It has got to be wondered if the absolute caning endured by ASX-listed lithium stocks in recent times has taken them into bargain basement territory.

Garimpeiro reckons that is the case, but on a selective basis, and on the assumption that lithium prices are now bottoming ahead of a steady rebuild as the widely forecast supply deficit around 2028 takes shape.

The supply deficit is more certain than it was because the crash in lithium prices is already knocking out higher cost production. The slump in prices also means new projects will have to be top echelon to attract financing and offtake agreements.

So until there is confirmation lithium prices have turned, Garimpeiro will be steering clear of lithium explorers without a resource under their belt. Many won’t be able to ride out the current downturn and will have to reinvent themselves as uranium or gold explorers.

It could be a different story with the lithium developers, particularly those with established large-scale resources. The 30%-plus growth in electric vehicles last year to 14% of the market suggests the current lithium over-supply will indeed being a passing thing.

New large-scale and long-life lithium projects will be needed. They are the ones that will attract financial and offtake support from the lithium chemical makers and the global auto industry while small projects will fall by the wayside.

We’ve seen it before in iron ore. In the original China boom that petered out in 2011, there were a couple of hundred junior iron explorers and would-be developers on the ASX. They had a merry few years. But only a handful became producers.

The rest were left to reinvent themselves and in some cases, billion-dollar market caps were wiped.

It is a process that will pan out in the junior lithium sector in 2024. Only those that have large-scale deposits will survive, indeed thrive. Liontown (ASX:LTR) and Azure (ASX:AZS) are the two local standouts.

On the back of their Tier 1 discoveries in Western Australia, beaten up Liontown still has a $3.3 billion market cap while Azure’s more recent and 60% owned Andover discovery has an imputed 100% value of $2.86 billion, even if it is yet to post a maiden resource.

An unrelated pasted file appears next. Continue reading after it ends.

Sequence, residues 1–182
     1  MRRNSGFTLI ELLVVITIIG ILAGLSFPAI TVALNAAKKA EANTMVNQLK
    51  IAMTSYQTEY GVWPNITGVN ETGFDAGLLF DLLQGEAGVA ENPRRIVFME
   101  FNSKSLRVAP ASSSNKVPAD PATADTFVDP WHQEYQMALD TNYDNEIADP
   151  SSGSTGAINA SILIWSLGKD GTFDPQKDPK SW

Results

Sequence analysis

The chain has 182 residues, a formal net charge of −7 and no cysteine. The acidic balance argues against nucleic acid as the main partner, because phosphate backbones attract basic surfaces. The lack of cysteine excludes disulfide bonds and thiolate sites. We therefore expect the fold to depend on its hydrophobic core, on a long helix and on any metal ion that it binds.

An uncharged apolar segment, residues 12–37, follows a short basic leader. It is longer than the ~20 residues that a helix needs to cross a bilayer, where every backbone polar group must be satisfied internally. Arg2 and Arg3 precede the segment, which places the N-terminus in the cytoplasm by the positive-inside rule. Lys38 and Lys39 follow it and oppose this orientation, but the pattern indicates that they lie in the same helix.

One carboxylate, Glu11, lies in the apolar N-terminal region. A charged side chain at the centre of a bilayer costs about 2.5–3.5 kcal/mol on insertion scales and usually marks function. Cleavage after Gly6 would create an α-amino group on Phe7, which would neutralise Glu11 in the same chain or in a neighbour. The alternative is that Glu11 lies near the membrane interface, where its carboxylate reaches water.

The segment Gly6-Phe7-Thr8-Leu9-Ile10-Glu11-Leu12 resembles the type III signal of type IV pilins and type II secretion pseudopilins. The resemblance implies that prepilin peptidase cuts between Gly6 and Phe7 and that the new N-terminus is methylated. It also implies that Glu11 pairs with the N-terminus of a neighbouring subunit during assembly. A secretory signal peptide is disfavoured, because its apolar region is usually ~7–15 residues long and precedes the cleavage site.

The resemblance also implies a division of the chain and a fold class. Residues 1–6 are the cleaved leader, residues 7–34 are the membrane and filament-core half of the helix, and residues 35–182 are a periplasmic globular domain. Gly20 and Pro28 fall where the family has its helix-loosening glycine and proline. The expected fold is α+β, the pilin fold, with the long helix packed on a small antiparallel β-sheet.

Given both had sub $100m market caps before their respective discoveries, the reward for Tier 1 discoveries remains massive. And notably, Gina Rinehart is now calling the shots at both of them.

Australia’s richest person clearly does not have any fears about lithium prices remaining in the dumps. Because Azure is the subject of bid from a Rinehart-SQM combo and Rinehart’s share sits at just under 20% at Liontown, Garimpeiro reckons both sit outside the bargain basement category.

That cannot be said for the dual-listed Patriot Battery Metals (ASX:PMT), owner of the Corvette discovery in northern Quebec. Its market cap has halved in the lithium market shakedown to a little more than $1 billion.

The December 2021 discovery has become the biggest lithium find in North America and the eighth biggest in the world with a maiden (inferred) resource of 109 million tonnes grading 1.42% lithium.

There is more to come with Patriot working on a resource upgrade later this year which will include assay results from 125 holes drilled last year. This year’s winter program involving 10 rigs and a planned 45,000m of drilling has just kicked off.

US lithium giant Albermarle took up a strategic 4.9% (fully diluted stake) stake in Patriot in August last year at around the same time its planned $6.6 billion-plus bid for Liontown was thwarted by Ms Rinehart.

It is an obvious bidder for Patriot at some point as Corvette’s scale and location plugs it in to the support the US and Canadian governments are throwing at the lithium sector to protect the North American car industry from the China challenge.

What’s more, Albemarle paid $C15.29 a share for its initial Patriot stake. Patriot was trading at a somewhat more modest $C7.66 a share during the week in the Canadian market or 82c locally.

So certainly from Albemarle’s perspective, it is a better bargain than it was last August.

This story does not constitute financial product advice. You should consider obtaining independent advice before making any financial decisions.

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